3 Ways to Avoid Leadership Roadblocks

Guest post by Great
Leadership monthly contributor Beth Armknecht Miller:

Several years ago I was working with a business owner who
had become stuck because of the way the company structure was set up. As
President and part owner, he had two other partners and the company needed to
make investments in new product development in order to stay competitive. Yet
he could not get his other two partners to commit to making the necessary investment.
They were older and had different financial needs. Time ticked away and they
started to loose their competitive advantage. 
He was stuck and knew he had only one choice, separate himself from the

This is the time of year that many of us review our past accomplishments and
assess our future
. As a leader are you at a point where you need to make a
change because you feel stuck? Do you feel like you are just spinning your
wheels and not making the progress you want?



Before you make a big change like my client, analyze your
current situation. First, list the reasons why you want to make a change. Then
define what will keep you engaged and happy in your current position. Ask
yourself, what needs to change with your current position? These are the things
that demotivate you, decrease your energy level, and disengage you from your
work. These are the things that if absent will bring on that feeling of being
stuck.  For the client I mentioned, it
was the inability to stay competitive and keep up the growth rates he had
become accustomed to in the past.

Once you have a list of those needed changes then determine
what you can control and what you can’t control in your current position. For
instance, if there are things that are part of your job you aren’t enjoying, can
these things be delegated to others?


After you have analyzed your current situation, do you still
feel that you are at a roadblock?  Have
you exhausted all your alternatives? If so, then it is time to determine what
are your non-negotiators, those things about a position you are unwilling to
compromise on. These are generally the values and drivers that motivate you,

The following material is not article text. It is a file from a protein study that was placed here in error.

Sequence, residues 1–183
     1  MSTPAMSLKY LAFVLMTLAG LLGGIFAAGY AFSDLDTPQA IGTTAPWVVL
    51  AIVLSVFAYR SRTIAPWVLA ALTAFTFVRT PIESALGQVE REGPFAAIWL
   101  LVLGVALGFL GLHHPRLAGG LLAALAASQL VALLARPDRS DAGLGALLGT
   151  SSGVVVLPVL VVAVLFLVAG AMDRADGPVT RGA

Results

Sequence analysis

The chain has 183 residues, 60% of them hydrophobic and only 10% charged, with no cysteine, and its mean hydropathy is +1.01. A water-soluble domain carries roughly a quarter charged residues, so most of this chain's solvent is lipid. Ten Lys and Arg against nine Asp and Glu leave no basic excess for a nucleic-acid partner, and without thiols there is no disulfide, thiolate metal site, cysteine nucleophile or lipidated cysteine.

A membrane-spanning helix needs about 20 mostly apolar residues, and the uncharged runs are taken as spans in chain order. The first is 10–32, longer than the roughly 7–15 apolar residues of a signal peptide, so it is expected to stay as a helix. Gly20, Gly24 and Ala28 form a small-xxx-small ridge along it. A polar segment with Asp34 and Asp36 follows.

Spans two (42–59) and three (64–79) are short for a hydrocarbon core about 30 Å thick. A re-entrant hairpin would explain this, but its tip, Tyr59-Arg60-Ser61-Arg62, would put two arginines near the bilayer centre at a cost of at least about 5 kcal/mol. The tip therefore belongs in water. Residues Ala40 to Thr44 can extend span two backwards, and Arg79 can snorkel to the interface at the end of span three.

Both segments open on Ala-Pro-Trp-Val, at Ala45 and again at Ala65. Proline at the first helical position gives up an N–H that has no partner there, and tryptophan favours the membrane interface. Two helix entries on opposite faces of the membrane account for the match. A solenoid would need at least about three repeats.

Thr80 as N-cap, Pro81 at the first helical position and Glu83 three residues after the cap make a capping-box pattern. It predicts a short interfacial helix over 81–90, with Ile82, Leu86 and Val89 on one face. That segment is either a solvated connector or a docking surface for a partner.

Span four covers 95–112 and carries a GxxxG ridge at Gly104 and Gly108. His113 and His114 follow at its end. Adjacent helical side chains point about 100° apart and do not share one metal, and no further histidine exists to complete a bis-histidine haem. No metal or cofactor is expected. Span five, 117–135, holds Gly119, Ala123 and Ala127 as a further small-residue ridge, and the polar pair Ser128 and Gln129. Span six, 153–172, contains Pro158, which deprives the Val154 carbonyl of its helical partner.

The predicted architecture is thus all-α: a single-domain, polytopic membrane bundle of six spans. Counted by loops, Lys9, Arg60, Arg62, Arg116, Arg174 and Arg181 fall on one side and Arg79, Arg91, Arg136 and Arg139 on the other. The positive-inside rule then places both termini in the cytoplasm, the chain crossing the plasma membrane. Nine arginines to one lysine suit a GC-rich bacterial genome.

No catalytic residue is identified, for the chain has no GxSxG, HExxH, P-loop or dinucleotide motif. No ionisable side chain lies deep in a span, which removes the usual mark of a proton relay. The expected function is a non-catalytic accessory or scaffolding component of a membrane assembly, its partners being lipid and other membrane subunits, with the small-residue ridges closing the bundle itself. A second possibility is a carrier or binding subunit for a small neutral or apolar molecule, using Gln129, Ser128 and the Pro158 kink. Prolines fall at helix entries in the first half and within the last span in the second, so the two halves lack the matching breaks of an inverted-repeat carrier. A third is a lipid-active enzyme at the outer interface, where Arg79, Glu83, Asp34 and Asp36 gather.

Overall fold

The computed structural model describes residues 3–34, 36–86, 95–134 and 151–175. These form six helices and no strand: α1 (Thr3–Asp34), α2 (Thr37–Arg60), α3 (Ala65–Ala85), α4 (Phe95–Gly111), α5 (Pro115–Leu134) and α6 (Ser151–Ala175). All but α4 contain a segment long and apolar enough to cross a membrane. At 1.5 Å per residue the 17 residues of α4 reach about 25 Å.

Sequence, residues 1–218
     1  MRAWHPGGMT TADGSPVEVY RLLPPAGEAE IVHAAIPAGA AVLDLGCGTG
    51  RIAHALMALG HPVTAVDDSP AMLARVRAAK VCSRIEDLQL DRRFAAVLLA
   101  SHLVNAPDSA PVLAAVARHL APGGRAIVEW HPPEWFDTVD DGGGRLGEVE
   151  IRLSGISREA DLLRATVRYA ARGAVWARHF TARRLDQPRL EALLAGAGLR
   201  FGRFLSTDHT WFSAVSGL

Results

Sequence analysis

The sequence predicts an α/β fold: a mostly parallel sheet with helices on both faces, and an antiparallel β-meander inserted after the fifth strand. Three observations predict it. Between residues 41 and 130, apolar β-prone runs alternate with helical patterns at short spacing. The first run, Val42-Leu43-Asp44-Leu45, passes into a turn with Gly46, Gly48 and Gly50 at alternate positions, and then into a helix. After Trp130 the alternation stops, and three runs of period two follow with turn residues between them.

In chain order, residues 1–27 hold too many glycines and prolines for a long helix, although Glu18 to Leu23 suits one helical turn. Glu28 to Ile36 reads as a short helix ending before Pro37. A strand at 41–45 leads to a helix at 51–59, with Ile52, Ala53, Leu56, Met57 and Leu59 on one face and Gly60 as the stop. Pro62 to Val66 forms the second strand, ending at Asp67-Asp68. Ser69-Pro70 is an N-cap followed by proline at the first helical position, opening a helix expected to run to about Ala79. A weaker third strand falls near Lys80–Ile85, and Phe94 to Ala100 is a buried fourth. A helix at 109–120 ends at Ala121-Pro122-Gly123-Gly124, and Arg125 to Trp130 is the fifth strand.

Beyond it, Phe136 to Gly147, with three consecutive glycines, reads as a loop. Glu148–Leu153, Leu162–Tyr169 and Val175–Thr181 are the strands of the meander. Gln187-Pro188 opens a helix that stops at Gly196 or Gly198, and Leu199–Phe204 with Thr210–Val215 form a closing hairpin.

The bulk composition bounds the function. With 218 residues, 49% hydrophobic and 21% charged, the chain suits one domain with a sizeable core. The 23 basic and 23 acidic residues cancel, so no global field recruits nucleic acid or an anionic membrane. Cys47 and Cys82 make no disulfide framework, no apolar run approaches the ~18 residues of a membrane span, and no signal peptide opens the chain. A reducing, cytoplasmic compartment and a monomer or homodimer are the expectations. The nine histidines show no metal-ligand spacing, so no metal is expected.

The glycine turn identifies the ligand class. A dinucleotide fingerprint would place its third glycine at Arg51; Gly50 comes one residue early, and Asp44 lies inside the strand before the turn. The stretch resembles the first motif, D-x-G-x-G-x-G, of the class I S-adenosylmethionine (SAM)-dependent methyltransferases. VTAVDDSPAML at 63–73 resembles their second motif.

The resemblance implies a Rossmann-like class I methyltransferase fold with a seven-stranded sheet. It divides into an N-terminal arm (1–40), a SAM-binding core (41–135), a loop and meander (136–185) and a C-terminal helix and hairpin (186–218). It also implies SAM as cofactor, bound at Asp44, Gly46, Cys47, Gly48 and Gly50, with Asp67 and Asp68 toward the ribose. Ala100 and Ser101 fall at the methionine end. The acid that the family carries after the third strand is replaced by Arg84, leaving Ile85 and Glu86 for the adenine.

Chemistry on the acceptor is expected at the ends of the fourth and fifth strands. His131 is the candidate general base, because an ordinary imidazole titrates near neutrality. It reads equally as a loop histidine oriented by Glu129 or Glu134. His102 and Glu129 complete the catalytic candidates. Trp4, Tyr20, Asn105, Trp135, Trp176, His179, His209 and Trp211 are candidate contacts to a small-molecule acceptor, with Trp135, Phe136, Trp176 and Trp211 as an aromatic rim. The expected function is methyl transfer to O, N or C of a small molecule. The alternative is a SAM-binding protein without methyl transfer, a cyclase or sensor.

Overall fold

the intrinsic motivators. But often, external drivers can be just as important
depending on your personal situation. An example would be if you have joint custody
of your children and want to stay close to them, then relocating for a new
position may be a deal killer. You now have a list of criteria that you can use
to rate new opportunities as they come your way.

Frustration can lead to decisions made during a time of high
emotions. Make sure that when you do make your decision to leave that you have
set aside your emotions and you have your list of non-negotiables.  And during your search for a new position,
have questions prepared that will uncover values alignment and style
preferences that will be critical to your future success and happiness.

And, for those who want more on finding that perfect job, a
new book that can help you in landing your next job is
Proven Job Search Strategies for Today’s Professional
by Randy Hain.
Beth Armknecht Miller is CEO of Executive
Velocity, a top talent and leadership development advisory firm. Beth is a
trusted executive consultant, Vistage Chair, and committed volunteer. She is a
graduate of Babson College and Harvard Business School’s OPM program. She is
certified in Myers Briggs, Hogan, and Business DNA. And she is a Certified
Managerial Coach. Beth’s insight and expertise has made her a sought-after
speaker, and she has been featured in numerous industry blogs and publications.
To learn more about Beth visit